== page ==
- LiFePO4 batteries are less susceptible to problems caused by depth of discharge...a LiFePO4 battery can be dropped to 20% of charge without long-term damage. Most lead-acid batteries lose capacity or cycle life if they're discharged more than 50%.
- Lighter than lead-acid batteries.
- Arguably, LiFePO4 batteries are more environmentally friendly than lead acid.
- Very safe - the odds of a "thermal runaway" (aka battery fire) are very low. The same can not be said of other lithium ion chemistries.
- As mentioned, LiFePO4 batteries are costly.
- LiFePO4 batteries are hard to find. Most must be purchased online.
- Susceptible to damage via overcharging (it's very important to use a charging system that's designed for LiFePO4 batteries if you want to maximize their life).
As stated in the introduction, deep cycle LiFePO4 batteries are better than deep-cycle lead-acid batteries in just about every measurable way. But they're 3-10 times more costly, with a 100ah or 125ah Group 31 size LiFePO4 battery running between $1,000 on the low end and $3,000+ on the high end (as of August, 2015).
Which Battery Should You Get?
Assuming that both batteries are in the budget, the question of which to buy really comes down to a handful of decisions:
- Do you need to reduce weight? A DieHard Marine 100ah group 31 deep cycle lead-acid battery weighs in at 75lbs. A similar capacity LiFePO4 battery from Stark Power is 28lbs. In a racing application, 47lbs could be an important difference.
- Do you need more than 50ah of battery capacity between charges? A lead-acid battery functions best when it's discharged less than 50%. If your lead acid battery has 100ah of capacity, this translates to 50ah usable capacity "limit", at least if you want to maximize battery life. An LiFePO4 battery can go up to 80% depth of discharge without compromising life span (80ah, using our 100ah battery example), so it's better if you need more power between charges.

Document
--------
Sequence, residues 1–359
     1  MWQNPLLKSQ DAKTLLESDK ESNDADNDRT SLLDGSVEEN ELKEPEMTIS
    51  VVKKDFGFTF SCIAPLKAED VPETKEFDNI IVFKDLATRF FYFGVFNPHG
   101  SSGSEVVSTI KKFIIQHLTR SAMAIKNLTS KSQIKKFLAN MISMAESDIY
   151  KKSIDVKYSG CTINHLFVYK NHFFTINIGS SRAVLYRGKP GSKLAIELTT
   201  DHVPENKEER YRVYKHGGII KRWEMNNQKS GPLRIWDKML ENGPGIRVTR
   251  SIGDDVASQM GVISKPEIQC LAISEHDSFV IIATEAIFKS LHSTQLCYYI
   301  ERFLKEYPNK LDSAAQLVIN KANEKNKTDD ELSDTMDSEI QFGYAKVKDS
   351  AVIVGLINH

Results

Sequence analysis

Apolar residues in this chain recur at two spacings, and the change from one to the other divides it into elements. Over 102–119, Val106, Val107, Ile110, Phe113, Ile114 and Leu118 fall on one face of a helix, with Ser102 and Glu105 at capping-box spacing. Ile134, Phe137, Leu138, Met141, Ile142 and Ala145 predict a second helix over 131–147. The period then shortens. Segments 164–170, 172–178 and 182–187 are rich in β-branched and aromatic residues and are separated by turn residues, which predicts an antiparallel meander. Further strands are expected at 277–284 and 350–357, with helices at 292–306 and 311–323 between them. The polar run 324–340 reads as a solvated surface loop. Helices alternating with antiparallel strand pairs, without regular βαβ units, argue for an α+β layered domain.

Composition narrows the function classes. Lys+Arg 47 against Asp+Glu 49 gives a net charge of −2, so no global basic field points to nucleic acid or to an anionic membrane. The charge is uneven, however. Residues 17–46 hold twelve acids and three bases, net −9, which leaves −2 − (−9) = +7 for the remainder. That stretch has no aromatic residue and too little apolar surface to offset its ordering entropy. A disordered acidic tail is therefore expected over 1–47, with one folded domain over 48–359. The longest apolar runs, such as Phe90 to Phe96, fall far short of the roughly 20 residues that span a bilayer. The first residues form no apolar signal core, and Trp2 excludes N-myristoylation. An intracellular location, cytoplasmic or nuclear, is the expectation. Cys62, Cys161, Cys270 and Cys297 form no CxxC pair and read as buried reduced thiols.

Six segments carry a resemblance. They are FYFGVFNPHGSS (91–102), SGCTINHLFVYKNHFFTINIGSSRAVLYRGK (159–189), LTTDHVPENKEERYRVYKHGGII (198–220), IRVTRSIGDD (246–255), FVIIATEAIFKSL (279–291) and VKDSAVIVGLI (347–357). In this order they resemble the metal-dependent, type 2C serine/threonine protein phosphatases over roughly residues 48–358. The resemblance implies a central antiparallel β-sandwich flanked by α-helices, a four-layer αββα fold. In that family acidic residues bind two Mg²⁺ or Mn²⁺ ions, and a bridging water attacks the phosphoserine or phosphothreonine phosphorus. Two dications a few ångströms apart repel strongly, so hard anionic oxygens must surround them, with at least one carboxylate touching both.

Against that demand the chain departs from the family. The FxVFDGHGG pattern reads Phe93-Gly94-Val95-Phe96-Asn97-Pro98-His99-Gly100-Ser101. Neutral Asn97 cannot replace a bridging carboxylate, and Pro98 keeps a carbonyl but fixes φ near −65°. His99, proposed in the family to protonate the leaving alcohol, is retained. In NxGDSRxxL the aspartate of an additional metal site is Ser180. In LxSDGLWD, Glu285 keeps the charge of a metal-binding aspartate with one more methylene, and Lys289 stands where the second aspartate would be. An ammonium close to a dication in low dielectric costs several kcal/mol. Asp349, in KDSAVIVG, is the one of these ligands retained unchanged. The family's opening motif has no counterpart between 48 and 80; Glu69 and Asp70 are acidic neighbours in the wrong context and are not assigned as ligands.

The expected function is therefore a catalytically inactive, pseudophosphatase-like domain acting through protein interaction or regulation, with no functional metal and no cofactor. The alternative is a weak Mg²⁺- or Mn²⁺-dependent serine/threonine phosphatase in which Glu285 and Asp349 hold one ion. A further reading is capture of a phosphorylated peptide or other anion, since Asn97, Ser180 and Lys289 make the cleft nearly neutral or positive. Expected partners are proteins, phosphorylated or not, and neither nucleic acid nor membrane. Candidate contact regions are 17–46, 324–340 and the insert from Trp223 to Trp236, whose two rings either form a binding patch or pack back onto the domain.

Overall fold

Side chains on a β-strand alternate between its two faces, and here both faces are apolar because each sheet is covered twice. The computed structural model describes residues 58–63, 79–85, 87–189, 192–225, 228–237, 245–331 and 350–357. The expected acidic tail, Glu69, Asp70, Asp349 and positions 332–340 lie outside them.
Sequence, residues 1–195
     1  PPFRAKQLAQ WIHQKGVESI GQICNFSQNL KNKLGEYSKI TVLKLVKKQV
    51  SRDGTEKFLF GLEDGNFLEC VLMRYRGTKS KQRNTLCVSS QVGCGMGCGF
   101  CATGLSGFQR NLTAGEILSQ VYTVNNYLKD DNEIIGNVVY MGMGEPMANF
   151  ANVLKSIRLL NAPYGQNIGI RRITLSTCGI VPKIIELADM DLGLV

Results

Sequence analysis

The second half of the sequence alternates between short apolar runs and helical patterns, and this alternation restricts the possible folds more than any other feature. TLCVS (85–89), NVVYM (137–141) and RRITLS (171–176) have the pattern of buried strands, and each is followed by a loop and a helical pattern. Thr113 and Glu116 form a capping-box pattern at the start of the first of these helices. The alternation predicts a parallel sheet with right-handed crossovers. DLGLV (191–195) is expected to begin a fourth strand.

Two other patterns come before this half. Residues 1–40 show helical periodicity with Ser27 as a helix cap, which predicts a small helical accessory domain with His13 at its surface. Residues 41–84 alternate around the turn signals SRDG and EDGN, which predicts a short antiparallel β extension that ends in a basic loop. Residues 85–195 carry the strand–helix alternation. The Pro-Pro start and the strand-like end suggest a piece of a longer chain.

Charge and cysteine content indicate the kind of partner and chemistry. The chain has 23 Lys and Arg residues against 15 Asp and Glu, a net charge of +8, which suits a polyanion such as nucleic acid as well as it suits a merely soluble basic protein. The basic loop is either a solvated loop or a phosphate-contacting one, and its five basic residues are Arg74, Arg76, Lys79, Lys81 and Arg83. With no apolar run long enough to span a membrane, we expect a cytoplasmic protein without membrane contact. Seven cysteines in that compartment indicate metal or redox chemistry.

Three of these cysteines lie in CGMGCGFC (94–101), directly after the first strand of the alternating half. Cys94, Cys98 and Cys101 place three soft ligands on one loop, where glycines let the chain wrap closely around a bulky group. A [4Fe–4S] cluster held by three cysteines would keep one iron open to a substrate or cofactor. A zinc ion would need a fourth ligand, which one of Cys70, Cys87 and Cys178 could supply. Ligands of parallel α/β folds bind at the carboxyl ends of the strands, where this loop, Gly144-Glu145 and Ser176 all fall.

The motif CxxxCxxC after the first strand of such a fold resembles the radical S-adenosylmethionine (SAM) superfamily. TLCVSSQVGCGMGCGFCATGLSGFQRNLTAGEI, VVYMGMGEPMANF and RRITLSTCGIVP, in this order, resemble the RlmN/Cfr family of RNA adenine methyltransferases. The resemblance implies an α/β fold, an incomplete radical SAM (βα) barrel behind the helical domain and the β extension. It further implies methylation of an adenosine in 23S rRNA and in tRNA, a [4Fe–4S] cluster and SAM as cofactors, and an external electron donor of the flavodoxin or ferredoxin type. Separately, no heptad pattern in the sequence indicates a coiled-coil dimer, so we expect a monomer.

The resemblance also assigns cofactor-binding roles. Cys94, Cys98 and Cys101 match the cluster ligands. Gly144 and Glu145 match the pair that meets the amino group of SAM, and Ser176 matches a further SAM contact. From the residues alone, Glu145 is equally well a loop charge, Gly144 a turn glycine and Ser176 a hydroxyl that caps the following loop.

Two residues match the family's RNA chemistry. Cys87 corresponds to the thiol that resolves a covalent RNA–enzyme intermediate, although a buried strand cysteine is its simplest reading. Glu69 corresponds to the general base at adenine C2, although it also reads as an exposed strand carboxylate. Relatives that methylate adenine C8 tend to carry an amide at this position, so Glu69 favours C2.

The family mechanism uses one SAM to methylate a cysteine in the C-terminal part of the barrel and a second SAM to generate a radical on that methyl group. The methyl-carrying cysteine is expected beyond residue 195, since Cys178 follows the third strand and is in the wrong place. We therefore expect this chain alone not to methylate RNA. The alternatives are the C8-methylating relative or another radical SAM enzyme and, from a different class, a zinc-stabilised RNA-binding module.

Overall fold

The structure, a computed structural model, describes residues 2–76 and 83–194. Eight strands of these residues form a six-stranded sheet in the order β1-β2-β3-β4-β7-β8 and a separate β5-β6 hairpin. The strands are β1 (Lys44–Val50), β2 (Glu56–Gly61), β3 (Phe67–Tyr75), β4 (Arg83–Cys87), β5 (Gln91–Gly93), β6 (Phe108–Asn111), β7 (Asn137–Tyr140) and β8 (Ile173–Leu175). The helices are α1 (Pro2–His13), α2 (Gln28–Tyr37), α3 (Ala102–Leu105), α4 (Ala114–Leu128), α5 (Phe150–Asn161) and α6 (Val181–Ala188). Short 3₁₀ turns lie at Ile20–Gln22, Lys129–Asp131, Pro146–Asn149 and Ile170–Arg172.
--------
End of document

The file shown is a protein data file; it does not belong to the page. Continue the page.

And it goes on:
- Do you need to draw a lot of current for a short period? A LiFePO4 battery is more effective at delivering a large amount of current over a short period than a lead acid battery. If you need a battery that can power a 40 amp device for two hours straight, LiFePO4 is the way to go. Most lead-acids - even if they're rated at 100ah and discharged to 20% - will fail that requirement, as their max rated capacity is based on a slower current draw.
- Is the battery hard to replace? If you have an ArkPak, the answer is probably no. But if you're mounting a deep-cycle battery in a place where it's difficult to replace, a LiFePO4 battery is a better option. All things being equal, it will last 2-3 times longer than a lead acid with same capacity in terms of charge/discharge cycles, and 3-5 times longer in terms of actual life span (years of function).
- Do you have a charger designed to work with LiFePO4 batteries? Most of the battery chargers you can buy at your local Wal-Mart or auto parts store are "bulk" chargers, meaning that they're good for getting a dead battery back to a functional level (so you can get your vehicle started), but not at all good for LiFePO4 batteries. In fact, a standard bulk charger will ruin a LiFePO4 battery very quickly. You need a charger specifically for LiFePO4 batteries if you want them to last.
NOTE: If you're buying the top-of-the-line ArkPak, you'll be getting a unit that works well with LiFePO4 batteries, including overcharge protections. The new ArkPak 730 automatically detects the battery chemistry and charges accordingly.
Finally, when it comes to choosing between batteries, it's worth noting that the cost difference between an LiFePO4 battery and a lead-acid battery isn't so tremendous depending on brand and type. The DieHard battery we linked to, for example, costs nearly $300. If you discharge it 50% or less, and do so daily, it will probably last 2-3 years. If you used a new StarkPower LiFePO4 battery (also linked to) the same way, it would last 8 years (perhaps longer).
Over the course of 8 years, you might end up buying four lead acids to do the same job that one LiFePO4 battery does. At that point, the cost difference between the two isn't so great.